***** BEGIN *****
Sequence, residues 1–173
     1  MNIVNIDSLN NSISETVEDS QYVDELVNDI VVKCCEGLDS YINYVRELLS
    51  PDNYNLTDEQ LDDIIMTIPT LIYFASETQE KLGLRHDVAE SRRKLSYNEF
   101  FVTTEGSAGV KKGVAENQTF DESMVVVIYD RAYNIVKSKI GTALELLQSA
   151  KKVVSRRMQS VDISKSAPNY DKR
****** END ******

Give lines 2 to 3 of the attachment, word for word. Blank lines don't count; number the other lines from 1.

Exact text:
     1  MNIVNIDSLN NSISETVEDS QYVDELVNDI VVKCCEGLDS YINYVRELLS
    51  PDNYNLTDEQ LDDIIMTIPT LIYFASETQE KLGLRHDVAE SRRKLSYNEF